Walking out the door with just "any device" that is laying about? Nobody wants that. For one thing, an object like a phone is a personal device, not a sugar bowl passed around and left anywhere.
Your son and daughter will want their own devices, and it makes sense to give them their own devices such as your old phone or cheap phone. For one thing, when you hand your kid your phone you no longer have a phone. Someone might text or call, or the kid will burn through your battery with some game.
This only scratches the surface of what's wrong with your idea.
They obviously already have this tech most of the way there and just... haven't implemented it?
*By everyone I mean the majority of people in first world countries, some second, and third.
As for this feature request, I think it makes sense... I wouldn't want my kid tapping on my work email or social apps.
I wouldn't even mind having a sync server in the house (a desktop mac, maybe) to help with that.
It's an interesting question how exactly the device switches to the remote profile mode versus an "authentication failed" route. If the profile has never existed on the device you'll need permission from someone who is live on the device (in other words you need to get past the lock screen) to retrieve a new profile.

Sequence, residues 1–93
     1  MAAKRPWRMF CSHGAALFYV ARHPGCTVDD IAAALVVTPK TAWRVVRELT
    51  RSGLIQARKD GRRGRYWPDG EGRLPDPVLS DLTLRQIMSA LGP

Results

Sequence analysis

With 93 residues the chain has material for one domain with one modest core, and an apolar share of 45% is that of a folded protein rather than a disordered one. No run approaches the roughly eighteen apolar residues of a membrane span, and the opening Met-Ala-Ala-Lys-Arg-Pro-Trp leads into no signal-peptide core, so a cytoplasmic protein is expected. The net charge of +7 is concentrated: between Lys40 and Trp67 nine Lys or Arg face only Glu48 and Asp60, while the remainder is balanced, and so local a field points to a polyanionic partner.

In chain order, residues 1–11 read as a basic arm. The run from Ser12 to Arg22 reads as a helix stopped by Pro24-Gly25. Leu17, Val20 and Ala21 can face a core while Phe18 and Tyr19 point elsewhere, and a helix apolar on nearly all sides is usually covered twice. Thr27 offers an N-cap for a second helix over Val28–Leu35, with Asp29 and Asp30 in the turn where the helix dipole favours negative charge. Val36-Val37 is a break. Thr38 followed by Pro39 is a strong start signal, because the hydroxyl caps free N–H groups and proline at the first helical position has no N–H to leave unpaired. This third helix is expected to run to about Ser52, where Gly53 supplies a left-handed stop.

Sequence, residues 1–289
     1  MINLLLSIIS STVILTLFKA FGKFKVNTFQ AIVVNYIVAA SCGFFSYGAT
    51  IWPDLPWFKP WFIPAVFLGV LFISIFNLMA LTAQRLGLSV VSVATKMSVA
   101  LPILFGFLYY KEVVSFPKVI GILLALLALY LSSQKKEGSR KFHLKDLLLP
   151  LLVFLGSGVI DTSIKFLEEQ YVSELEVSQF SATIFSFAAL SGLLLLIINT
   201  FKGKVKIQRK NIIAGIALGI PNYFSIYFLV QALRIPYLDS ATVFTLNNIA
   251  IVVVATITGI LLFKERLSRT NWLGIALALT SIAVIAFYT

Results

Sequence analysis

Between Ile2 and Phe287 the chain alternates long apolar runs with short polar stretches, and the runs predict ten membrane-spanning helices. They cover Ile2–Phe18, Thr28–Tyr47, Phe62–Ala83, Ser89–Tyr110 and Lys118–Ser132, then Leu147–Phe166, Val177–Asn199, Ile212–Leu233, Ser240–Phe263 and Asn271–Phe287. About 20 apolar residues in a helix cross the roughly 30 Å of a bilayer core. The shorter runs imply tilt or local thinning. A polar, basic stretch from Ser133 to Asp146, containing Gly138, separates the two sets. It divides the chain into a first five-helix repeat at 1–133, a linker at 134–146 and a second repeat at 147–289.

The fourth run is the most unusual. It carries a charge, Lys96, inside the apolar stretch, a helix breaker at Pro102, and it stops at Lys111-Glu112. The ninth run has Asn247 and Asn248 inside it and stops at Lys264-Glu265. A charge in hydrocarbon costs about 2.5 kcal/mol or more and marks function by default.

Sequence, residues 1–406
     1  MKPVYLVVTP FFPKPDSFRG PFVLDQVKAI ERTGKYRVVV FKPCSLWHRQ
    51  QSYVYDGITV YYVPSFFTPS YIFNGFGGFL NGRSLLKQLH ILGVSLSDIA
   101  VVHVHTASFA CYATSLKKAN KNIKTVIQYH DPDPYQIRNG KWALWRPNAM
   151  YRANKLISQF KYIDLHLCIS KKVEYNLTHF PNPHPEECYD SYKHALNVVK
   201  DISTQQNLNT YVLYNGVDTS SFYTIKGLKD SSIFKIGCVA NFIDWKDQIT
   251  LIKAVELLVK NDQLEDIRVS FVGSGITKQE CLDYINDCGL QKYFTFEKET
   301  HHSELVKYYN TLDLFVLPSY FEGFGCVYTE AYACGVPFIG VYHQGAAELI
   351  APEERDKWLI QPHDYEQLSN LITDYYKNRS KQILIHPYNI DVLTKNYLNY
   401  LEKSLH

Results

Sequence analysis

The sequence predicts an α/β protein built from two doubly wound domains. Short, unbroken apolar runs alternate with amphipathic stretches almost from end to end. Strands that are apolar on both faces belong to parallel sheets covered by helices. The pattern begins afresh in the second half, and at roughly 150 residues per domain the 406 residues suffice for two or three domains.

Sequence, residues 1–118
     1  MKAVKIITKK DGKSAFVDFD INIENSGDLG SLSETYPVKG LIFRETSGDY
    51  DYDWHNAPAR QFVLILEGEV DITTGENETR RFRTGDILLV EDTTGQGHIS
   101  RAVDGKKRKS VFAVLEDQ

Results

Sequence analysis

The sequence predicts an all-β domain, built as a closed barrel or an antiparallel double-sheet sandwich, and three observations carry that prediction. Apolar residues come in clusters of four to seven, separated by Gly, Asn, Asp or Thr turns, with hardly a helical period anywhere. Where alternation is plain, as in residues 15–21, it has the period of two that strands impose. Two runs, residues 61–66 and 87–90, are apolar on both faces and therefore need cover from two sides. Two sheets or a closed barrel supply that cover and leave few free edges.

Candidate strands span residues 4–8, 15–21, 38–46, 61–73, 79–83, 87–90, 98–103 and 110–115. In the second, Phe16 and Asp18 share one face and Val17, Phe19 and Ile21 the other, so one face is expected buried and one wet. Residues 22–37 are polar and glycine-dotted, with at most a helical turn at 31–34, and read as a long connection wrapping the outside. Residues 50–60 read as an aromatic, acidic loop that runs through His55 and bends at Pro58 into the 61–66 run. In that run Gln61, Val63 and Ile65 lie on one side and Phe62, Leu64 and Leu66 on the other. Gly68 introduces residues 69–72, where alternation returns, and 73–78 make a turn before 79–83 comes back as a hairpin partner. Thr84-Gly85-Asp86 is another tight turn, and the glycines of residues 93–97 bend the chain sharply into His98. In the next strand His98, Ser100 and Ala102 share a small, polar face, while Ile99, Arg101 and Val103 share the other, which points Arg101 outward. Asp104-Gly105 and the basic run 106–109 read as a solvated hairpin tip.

But if two profiles are live on a device owned by identical twins who can't be distinguished by FaceID -- perhaps detected by trying to authenticate the human to both profiles and seeing if both pass -- you're going to need a PIN (or something else) to distinguish them.
Just me, without a twin, change beards all the time (shave it, grow it, shape it, etc).
I have also have friends who do contact sports (brazilian juijitsu) and trust me, their ears change shape all the time.
I dont have any personal friends that box, but man, I can also see that not working so well.
I think that setting up multiple accounts would make the experience worse as I don’t want other people to get too comfy. On an iPad that is a different case though.
But I could really see this on an iPad. iPad's are often shared around a household, this would be amazing for that. Macs themselves would also apply here.
"Do you think that's air you're breathing?" ;-)
What I dislike most is handing someone "my phone" for them to use for a minute and they are actually using my phone. If they authenticated and were immediately interacting with their phone I have no problem sharing the hardware for a minute when the wife/kids want to do something briefly on it.